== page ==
What Is Intercultural Competence? Part 2

In my first post on this topic I discussed the basics of intercultural competence. Here we dig a little deeper, using something called the Intercultural Development Continuum, or IDC. Here’s what the IDC looks like:

The idea behind the IDC is that gaining intercultural competence is a developmental process. This means that (a) we pass through stages, and (b) we don’t get to skip any stages.

The IDC has five stages, the first three of which involve a “monocultural” mindset, and the latter two of which involve an “intercultural” mindset. Today we’ll look at the first three stages:

  1. Denial (not to be confused with the psychological concept of denial). Those with a Denial mindset don’t tend to think of difference as cultural. They tend to react negatively to those who are different from them, but they may not be consciously aware that their reactions are rooted in culture.
  2. Polarization. This stage takes two forms: Defense and Reversal. Unlike Denial, in Polarization we recognize the existence of cultural differences, and we experience them as a threat. We either defend ourselves against “their” ways (Defense), or defend “them” against “our” ways (Reversal). As with Denial, Polarization is a monocultural mindset in that it still privileges one viewpoint as “better.”
  3. Minimization. This stage is further along the developmental path, because not only is cultural difference recognized, but it is no longer denigrated. What unites all humanity is put at the forefront; cultural differences are presumed to be less important than what we all share. You may ask: Why is this mindset still considered “monocultural”? Because all too often what we mean by “We’re similar,” is actually “You’re like me.” — a very different viewpoint than “I’m like you.”

How do these three  monocultural orientations — Denial, Polarization and Minimization — play out in the world? In my time abroad I have seen a lot of examples.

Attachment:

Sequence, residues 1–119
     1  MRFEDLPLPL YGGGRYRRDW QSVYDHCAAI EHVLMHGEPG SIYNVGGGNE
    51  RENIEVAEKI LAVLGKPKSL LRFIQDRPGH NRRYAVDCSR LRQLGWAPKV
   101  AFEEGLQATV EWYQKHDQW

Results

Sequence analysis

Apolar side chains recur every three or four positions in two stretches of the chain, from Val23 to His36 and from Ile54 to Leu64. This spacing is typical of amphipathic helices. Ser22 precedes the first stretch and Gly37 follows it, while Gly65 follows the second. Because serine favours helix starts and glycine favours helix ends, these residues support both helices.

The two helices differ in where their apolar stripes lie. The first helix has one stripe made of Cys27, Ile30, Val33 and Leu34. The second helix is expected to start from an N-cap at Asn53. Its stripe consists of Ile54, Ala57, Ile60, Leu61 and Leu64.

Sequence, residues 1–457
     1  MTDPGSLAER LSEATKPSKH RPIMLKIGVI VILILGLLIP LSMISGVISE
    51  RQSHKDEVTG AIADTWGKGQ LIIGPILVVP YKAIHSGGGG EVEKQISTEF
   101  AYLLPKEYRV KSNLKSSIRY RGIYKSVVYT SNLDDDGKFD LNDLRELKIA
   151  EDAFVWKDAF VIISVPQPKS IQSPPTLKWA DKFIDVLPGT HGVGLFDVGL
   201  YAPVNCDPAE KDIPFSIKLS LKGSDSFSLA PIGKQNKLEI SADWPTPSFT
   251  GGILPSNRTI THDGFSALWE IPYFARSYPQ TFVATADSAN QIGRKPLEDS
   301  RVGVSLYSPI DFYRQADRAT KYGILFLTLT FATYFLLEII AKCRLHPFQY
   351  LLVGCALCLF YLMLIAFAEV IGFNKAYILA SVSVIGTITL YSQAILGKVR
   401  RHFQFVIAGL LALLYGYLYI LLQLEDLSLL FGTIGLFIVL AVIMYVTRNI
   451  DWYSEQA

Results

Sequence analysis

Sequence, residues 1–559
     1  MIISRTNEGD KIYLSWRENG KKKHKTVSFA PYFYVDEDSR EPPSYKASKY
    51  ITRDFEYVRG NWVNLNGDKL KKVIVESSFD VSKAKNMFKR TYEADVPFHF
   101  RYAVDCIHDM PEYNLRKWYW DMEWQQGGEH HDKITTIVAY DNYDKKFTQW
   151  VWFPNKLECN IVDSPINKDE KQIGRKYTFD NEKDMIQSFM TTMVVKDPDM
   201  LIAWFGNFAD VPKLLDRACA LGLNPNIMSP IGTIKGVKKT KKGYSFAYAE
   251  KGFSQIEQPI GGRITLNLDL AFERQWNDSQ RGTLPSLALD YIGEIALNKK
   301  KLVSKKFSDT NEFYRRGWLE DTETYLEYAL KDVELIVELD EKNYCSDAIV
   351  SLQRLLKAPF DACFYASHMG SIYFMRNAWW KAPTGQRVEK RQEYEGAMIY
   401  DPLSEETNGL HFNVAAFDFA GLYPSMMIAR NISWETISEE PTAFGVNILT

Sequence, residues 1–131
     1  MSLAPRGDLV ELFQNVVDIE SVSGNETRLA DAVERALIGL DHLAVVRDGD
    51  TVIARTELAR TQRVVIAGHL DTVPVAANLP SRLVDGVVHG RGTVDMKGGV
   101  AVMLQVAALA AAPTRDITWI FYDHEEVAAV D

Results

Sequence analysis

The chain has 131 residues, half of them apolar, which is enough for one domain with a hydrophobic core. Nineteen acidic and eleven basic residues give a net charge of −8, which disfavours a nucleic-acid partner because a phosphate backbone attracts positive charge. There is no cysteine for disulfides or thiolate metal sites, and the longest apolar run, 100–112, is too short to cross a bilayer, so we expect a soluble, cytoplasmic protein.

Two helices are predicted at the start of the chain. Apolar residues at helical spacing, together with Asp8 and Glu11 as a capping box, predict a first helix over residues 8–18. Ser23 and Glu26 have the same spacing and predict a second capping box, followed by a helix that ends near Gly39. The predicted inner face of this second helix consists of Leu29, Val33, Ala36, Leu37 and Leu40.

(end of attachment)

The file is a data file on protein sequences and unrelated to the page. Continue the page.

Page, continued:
For instance, have you spent much time around Western expatriates living in developing countries? I’ve been one for a good part of my life, and I can tell you firsthand that, especially in my early years, I spent a lot of energy complaining about how “they” do things, and I’ve heard plenty of the same from other Westerners around me, most of whom I like and respect a lot as human beings.

We’re not bad people for wishing “they” were more like “us”; we’re just standard-issue human beings passing through a particular stage of intercultural development. What’s most important to remember, I think, is that it takes attention, focus and hard work to keep moving along the IDC. This is one our main tasks in the work we do at CIL with I-House residents, and with our campus and corporate clients.

What about the intercultural orientations of Acceptance and Adaptation? We’ll take a look at those next time.

 

About Jason D. Patent

Jason is the inaugural director of the Center for Intercultural Leadership at International House Berkeley. His career spans the education, business, and non-profit sectors. He has spent over ten years living and working in China and is passionate about helping China and the U.S. to understand each other better. Jason holds a Ph.D. in linguistics from UC Berkeley.
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One Response to What Is Intercultural Competence? Part 2

  1. Pingback: What Is Intercultural Competence? Part 3 | I-House: Where UC Berkeley Meets the World

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